The utility hopes streamlined rules for registered installation companies will result in better business practices, and better experiences for customers, especially first-time solar energy consumers. The new rules go into effect June 1.
Through its Save for Tomorrow Energy Plan (STEP) program, CPS Energy originally set aside $43 million in rebate funds in 2009. The initial funds were slated to last through this decade, but due to increased demand and a decrease in technology costs, the first pot of rebate money dried up.
In December 2015, the utility refilled the pot with $30 million for rebates, but that supply has just about been exhausted. The CPS Energy board of trustees decided in January to replenish the fund with $15 million.
According to Olivia Gomez, solar program administrator for the public utility, the number of customers applying for solar energy rebates continues to rise, especially residential consumers.
The utility received 277 residential applications in February and 377 applications in March. Nearly 300 more applications had been received in April so far.
About $2.2 million in rebates were paid out in March to residential customers. Just under $2 million was paid in February. Another $1 million has been paid so far in April.
While the program’s popularity grows, sectors of the local solar industry have pushed for stronger regulations on participating installers.
The Rivard Report in February reported that CPS Energy has strengthened its policies over the past year to better inform consumers and discourage predatory companies from taking advantage of new solar buyers.
More than one dozen representatives of solar installers and other stakeholders reviewed the proposed revisions Wednesday at the utility’s Rochelle Training Center on the Eastside.
The utility has received input from contractors while revamping the guidelines.
“We have over 60 (registered) companies and more are coming,” said Rick Luna, CPS Energy’s senior manager of product development.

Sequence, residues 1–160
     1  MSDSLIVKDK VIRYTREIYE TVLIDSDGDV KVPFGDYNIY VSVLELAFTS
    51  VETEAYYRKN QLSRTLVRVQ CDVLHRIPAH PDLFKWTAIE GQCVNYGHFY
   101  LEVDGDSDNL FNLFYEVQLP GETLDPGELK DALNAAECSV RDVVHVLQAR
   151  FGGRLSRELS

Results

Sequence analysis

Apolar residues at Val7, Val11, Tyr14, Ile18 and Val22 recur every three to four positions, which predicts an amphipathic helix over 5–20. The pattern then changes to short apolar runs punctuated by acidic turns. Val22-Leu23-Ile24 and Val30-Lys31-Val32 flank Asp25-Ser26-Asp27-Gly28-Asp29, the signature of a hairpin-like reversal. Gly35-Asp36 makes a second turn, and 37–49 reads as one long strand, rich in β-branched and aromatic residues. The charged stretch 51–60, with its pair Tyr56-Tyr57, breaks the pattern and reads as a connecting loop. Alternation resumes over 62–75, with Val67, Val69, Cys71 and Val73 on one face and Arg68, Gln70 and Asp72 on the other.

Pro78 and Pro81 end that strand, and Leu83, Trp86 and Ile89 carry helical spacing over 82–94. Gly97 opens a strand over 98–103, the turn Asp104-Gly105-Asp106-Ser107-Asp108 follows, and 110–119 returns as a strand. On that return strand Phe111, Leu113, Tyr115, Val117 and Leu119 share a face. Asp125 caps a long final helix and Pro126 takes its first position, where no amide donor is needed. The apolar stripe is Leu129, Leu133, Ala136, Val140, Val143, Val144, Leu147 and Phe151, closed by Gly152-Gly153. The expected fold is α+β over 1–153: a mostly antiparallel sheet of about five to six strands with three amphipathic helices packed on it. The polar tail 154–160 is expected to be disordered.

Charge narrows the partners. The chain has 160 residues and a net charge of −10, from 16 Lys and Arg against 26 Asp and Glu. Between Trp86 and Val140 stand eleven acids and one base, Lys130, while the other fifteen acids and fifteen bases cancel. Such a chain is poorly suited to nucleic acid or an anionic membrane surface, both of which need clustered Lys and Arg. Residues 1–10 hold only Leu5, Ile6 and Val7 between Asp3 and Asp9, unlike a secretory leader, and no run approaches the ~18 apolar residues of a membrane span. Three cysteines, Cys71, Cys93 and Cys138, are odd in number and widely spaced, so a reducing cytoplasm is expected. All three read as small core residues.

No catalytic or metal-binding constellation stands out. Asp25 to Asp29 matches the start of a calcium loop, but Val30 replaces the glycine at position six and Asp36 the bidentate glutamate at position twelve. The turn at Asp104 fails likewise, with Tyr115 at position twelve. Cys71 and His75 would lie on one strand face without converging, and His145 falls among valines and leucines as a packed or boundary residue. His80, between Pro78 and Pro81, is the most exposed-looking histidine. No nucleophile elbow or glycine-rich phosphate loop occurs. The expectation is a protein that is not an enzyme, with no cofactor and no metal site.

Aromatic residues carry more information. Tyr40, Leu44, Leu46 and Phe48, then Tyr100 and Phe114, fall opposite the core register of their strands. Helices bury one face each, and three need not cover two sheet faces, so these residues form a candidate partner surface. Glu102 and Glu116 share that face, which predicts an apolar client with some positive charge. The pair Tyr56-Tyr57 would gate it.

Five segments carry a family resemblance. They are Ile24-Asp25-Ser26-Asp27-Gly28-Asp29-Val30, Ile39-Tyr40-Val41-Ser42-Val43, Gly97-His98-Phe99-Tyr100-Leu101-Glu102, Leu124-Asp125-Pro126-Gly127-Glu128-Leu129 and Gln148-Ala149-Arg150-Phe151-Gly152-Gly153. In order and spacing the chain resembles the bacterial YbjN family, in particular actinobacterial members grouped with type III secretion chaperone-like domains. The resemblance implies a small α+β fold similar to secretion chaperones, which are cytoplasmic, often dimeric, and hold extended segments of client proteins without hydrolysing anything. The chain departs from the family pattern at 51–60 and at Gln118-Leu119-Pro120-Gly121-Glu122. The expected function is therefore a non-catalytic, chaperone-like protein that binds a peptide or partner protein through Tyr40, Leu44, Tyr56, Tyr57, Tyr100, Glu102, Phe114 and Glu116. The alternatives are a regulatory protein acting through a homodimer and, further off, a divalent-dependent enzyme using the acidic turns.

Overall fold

“We’re trying to better inform customers, protect them as they make an important investment, and make sure the systems are high quality.”
When the new rebates are offered, the utility will pay 60 cents per watt, with an extra eight- and two-cent incentive if customers choose locally made modules and inverters, respectively.
That results in a total possible rebate of 70 cents per watt. About $9 million in the rebate extension is being directed to residential installations.
Some policy revision highlights include:
- Contractors must employ a full-time worker who’s certified in photovoltaic (PV) installation by the North American Board of Certified Energy Practitioners (NABCEP);
- The contractor must employ a full-time licensed master electrician;
- The contractor must be in good standing with public consumer protection agencies;
- The contractor must have a representative take part in mandatory CPS Energy stakeholder meetings either in person or by teleconference;
- Registered contractors may describe themselves only as a “registered contractor” in the utility’s solar rebate program;
- Registered contractors may not describe their companies as “approved,” “certified,” “accredited” or “recommended” by the utility;
- A registered contractor may not make misleading statements regarding energy production, utility rates, rebates, taxes, meter installation or permitting;
- The solar disclosure form will include a PV watts report showing the estimated kilowatts-per-hour production for the installed system;
- Only registered contractors, listed on the CPS Energy website and in good standing, may offer and market the program;